The Endangered Species Act also has regulations put into place to help protect endangered foreign species. In the United States, it is illegal to import or export this species or any of its parts, to take or harm this species in any way, or to transport and deliver this species in the United States or foreign countries. Federal permits are required to legally import or export military macaws. The Endangered Species Act generally provides financial support, training, and sometimes even personnel for different programs ensuring the conservation of military macaws. While it is legal to own military macaws, breeding, purchasing, and distributing these birds is closely monitored. (BirdLife International, 2016; U.S Fish and Wildlife Service, 2019)
Isabella Armstrong (author), Radford University, Lauren Burroughs (editor), Radford University, Logan Platt (editor), Radford University, Karen Powers (editor), Radford University, Galen Burrell (editor), Special Projects.
living in the Nearctic biogeographic province, the northern part of the New World. This includes Greenland, the Canadian Arctic islands, and all of the North American as far south as the highlands of central Mexico.
living in the southern part of the New World. In other words, Central and South America.
uses sound to communicate
young are born in a relatively underdeveloped state; they are unable to feed or care for themselves or locomote independently for a period of time after birth/hatching. In birds, naked and helpless after hatching.
Referring to an animal that lives in trees; tree-climbing.
having body symmetry such that the animal can be divided in one plane into two mirror-image halves. Animals with bilateral symmetry have dorsal and ventral sides, as well as anterior and posterior ends. Synapomorphy of the Bilateria.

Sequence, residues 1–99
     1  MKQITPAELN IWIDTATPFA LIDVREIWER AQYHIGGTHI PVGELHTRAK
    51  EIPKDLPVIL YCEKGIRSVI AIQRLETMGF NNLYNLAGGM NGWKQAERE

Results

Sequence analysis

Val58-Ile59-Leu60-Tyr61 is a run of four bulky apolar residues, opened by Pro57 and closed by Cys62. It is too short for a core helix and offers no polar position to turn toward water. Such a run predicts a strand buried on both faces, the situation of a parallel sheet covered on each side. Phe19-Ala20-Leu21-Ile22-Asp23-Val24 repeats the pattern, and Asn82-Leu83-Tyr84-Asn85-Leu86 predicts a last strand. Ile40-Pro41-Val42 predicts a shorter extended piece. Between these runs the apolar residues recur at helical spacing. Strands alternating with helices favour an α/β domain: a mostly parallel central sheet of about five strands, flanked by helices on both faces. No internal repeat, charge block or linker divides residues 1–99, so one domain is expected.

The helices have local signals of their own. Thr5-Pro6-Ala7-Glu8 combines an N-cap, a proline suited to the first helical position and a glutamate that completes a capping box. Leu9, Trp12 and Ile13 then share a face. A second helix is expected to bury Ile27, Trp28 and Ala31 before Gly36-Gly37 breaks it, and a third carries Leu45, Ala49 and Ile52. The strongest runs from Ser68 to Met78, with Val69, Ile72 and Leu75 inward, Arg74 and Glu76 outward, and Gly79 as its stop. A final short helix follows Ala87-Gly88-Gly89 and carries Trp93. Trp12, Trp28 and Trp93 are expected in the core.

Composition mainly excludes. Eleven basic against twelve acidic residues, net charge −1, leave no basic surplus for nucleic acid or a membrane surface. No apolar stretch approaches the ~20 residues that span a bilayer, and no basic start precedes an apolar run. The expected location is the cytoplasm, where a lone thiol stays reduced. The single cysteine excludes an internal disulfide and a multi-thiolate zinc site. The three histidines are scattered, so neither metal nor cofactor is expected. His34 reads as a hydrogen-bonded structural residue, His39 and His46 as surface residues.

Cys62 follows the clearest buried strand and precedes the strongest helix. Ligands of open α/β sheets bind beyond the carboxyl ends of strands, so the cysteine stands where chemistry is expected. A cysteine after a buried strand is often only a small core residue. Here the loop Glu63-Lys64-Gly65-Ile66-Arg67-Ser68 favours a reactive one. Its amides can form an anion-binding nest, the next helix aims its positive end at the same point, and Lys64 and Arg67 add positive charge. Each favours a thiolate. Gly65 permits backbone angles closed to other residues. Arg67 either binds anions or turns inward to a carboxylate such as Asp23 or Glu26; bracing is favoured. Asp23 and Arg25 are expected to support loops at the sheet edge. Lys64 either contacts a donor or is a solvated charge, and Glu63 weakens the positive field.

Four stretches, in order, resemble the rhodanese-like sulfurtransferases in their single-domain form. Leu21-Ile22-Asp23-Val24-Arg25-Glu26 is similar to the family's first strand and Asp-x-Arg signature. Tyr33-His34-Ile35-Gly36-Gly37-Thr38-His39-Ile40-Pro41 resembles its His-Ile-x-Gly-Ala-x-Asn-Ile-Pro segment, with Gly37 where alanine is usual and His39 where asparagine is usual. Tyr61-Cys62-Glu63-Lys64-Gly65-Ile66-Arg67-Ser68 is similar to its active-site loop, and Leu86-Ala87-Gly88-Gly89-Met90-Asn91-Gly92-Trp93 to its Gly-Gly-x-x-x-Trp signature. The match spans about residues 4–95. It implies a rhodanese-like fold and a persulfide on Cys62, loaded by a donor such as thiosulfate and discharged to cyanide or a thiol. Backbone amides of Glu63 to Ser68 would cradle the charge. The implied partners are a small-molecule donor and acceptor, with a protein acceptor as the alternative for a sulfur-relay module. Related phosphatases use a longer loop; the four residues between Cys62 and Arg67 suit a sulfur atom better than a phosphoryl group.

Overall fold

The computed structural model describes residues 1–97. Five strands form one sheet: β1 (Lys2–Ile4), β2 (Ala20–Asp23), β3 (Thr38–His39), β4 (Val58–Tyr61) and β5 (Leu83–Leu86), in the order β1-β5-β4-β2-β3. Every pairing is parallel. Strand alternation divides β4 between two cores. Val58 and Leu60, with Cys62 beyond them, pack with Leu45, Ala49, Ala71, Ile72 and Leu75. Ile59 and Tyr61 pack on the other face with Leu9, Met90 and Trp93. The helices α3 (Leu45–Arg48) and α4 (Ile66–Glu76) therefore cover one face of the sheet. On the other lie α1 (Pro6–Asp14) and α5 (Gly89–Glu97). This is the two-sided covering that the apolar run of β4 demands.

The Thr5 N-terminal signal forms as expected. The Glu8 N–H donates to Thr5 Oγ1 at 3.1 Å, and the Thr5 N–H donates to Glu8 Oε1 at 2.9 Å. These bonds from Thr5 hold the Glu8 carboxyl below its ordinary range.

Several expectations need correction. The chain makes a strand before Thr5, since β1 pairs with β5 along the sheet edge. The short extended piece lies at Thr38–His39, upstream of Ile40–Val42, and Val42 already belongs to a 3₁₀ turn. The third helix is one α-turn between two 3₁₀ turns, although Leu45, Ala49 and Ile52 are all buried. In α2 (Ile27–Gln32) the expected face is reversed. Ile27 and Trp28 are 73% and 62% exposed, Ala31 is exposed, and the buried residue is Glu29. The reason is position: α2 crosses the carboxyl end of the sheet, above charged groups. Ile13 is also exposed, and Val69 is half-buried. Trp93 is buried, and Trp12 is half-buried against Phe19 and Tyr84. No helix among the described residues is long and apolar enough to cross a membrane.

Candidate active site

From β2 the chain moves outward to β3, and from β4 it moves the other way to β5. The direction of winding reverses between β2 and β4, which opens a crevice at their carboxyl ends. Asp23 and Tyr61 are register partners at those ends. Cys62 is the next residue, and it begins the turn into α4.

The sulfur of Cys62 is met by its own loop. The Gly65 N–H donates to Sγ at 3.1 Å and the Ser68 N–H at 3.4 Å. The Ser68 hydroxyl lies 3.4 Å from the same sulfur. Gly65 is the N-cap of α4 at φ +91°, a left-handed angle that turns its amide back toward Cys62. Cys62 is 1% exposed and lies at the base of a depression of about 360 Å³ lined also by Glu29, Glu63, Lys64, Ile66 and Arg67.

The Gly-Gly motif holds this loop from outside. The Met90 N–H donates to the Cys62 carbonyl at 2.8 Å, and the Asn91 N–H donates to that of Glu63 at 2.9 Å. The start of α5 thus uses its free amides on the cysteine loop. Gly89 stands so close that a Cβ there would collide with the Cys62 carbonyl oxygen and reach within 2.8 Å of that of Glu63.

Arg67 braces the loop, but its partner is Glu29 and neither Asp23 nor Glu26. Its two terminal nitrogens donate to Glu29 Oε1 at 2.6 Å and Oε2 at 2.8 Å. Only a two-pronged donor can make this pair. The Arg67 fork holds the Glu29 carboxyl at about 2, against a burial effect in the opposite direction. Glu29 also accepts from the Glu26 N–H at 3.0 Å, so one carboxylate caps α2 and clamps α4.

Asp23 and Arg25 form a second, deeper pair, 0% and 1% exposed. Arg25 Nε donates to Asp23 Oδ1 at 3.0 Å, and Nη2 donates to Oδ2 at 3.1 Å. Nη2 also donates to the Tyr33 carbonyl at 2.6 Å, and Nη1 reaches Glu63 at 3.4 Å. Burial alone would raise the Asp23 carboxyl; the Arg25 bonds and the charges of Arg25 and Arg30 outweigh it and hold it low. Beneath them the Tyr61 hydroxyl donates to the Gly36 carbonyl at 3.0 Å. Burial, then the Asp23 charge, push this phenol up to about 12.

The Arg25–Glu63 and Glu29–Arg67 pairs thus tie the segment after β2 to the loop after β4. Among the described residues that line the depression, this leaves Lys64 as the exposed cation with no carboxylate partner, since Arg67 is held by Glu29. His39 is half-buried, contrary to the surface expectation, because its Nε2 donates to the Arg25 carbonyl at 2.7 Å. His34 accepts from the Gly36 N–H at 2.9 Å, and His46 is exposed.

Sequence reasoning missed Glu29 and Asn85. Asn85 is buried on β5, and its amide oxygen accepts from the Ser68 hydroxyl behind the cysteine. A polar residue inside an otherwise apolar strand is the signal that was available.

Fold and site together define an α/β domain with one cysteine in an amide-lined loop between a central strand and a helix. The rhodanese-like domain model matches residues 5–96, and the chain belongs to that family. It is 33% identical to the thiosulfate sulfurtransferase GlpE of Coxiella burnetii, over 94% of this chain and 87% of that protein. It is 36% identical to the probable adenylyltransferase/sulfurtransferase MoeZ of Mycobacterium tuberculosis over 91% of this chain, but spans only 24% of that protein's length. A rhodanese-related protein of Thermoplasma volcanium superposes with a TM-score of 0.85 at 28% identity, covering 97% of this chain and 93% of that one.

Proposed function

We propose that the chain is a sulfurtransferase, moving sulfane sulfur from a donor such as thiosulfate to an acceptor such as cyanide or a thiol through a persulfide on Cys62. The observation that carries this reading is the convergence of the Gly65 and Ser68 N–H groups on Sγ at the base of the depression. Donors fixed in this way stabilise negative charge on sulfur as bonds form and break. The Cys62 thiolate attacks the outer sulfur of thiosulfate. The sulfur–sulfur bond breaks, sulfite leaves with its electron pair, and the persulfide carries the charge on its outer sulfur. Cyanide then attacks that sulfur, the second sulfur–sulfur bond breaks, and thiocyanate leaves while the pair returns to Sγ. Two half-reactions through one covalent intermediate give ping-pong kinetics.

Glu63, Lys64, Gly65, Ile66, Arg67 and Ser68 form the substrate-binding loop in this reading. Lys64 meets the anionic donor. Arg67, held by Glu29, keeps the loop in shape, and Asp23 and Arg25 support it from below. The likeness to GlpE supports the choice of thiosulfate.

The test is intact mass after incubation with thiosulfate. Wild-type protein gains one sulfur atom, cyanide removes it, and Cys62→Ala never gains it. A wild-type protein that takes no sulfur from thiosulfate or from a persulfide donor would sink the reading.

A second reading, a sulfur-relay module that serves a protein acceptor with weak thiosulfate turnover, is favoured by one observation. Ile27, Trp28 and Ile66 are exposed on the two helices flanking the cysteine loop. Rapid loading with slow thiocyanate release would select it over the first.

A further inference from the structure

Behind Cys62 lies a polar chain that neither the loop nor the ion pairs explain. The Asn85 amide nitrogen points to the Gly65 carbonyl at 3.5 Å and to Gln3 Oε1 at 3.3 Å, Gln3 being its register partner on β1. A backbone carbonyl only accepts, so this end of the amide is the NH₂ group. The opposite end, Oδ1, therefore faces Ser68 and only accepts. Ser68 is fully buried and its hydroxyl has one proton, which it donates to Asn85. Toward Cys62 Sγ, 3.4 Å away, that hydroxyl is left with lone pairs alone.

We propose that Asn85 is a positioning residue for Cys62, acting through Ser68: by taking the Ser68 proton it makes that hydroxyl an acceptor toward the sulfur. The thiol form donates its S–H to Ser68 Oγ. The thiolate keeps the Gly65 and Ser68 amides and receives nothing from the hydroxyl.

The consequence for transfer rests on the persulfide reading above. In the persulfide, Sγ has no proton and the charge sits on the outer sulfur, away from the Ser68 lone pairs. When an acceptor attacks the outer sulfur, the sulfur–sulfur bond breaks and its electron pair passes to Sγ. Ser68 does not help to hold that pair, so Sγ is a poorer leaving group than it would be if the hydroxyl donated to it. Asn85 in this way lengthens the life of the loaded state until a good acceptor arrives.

an animal which directly causes disease in humans. For example, diseases caused by infection of filarial nematodes (elephantiasis and river blindness).
either directly causes, or indirectly transmits, a disease to a domestic animal
uses smells or other chemicals to communicate
used loosely to describe any group of organisms living together or in close proximity to each other - for example nesting shorebirds that live in large colonies. More specifically refers to a group of organisms in which members act as specialized subunits (a continuous, modular society) - as in clonal organisms.
humans benefit economically by promoting tourism that focuses on the appreciation of natural areas or animals. Ecotourism implies that there are existing programs that profit from the appreciation of natural areas or animals.
animals that use metabolically generated heat to regulate body temperature independently of ambient temperature. Endothermy is a synapomorphy of the Mammalia, although it may have arisen in a (now extinct) synapsid ancestor; the fossil record does not distinguish these possibilities. Convergent in birds.
parental care is carried out by females
an animal that mainly eats leaves.
forest biomes are dominated by trees, otherwise forest biomes can vary widely in amount of precipitation and seasonality.
an animal that mainly eats fruit
an animal that mainly eats seeds
An animal that eats mainly plants or parts of plants.
offspring are produced in more than one group (litters, clutches, etc.) and across multiple seasons (or other periods hospitable to reproduction). Iteroparous animals must, by definition, survive over multiple seasons (or periodic condition changes).